IRS Sex workers taxes

Gig Economy Tax

What is the Gig Economy?
The gig economy—also called sharing economy or access economy—is activity where people earn income providing on-demand work, services or goods. Often, it’s through a digital platform like an app or website.

Gig Economy Income is Taxable
You must report income earned from the gig economy on a tax return, even if the income is:

From part-time, temporary or side work
Not reported on an information return form—like a Form 1099-K, 1099-MISC, W-2 or other income statement
Paid in any form, including cash, property, goods, or virtual currency

What to Do
Gig Workers
Find forms, keep records, deduct expenses, file and pay taxes for your gig work.

Here is a spreadsheet we created for you to track income and expenses:

Expenses Spreadsheet

Digital Platforms and Businesses
Classify workers, report payments, pay and file taxes for a digital marketplace or business.

What is Gig Work?
Gig work is certain activity you do to earn income, often through an app or website (digital platform), like:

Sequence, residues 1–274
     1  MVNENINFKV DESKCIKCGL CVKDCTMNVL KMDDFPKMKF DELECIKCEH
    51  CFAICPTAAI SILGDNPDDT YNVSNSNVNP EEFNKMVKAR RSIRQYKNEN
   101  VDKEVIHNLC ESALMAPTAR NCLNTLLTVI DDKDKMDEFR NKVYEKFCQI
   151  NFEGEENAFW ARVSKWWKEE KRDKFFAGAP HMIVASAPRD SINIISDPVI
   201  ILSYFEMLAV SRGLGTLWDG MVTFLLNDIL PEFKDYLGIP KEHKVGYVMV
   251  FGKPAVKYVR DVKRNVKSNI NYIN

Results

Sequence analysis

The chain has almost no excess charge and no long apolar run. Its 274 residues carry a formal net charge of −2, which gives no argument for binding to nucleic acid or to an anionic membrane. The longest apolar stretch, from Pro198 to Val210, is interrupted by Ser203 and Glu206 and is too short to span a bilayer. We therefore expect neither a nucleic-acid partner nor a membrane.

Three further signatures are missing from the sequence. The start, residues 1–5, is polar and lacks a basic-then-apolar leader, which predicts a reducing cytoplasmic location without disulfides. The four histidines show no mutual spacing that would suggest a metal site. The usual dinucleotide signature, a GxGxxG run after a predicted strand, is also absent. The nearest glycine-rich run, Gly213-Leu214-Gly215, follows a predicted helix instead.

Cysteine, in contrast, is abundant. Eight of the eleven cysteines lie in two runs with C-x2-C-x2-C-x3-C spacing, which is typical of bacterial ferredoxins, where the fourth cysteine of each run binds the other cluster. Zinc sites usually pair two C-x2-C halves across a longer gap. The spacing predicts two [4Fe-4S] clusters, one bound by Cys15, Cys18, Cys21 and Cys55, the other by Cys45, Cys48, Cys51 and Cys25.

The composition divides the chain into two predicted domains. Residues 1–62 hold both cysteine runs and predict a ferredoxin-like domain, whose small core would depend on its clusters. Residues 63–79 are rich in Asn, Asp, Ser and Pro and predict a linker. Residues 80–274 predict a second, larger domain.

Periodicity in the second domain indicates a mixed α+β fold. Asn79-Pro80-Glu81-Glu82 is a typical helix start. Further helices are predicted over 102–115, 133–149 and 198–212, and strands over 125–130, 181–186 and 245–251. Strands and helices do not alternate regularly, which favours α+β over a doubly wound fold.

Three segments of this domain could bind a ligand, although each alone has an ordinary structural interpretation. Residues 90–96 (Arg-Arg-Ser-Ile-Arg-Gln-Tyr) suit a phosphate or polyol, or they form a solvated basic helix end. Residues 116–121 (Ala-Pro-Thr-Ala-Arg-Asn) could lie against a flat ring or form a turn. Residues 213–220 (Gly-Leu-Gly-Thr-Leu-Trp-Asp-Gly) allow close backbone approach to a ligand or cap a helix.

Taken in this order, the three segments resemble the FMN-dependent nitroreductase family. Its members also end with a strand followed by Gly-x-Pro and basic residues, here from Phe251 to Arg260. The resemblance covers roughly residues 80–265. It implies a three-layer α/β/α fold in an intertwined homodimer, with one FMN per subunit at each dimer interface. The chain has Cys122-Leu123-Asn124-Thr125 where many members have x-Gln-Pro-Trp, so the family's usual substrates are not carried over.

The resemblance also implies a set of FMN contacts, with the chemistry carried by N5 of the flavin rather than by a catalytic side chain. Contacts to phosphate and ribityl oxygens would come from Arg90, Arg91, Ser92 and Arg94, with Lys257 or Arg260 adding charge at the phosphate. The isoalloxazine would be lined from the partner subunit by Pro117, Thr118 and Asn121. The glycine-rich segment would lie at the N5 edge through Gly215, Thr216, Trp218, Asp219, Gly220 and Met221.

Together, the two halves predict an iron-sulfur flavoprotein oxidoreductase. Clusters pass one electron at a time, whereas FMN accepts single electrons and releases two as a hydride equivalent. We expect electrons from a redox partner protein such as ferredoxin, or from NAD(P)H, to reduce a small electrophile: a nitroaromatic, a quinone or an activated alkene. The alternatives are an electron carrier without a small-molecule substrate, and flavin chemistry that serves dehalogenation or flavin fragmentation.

Drive a car for booked rides or deliveries
Rent out property or part of it
Run errands or complete tasks
Sell goods online:
IWC, AVN, Night flirt etc
Rent equipment
Provide creative or professional services
Provide other temporary, on-demand or freelance work
Note: This list does not include all types of gig work.

What are Digital Platforms?
Digital platforms are businesses that match workers’ services or goods with customers via apps or websites. This includes businesses that provide access to:

Ridesharing services
Delivery services
Crafts and handmade item marketplaces
On-demand labor and repair services
Property and space rentals
Note: This list does not include all types of digital platforms.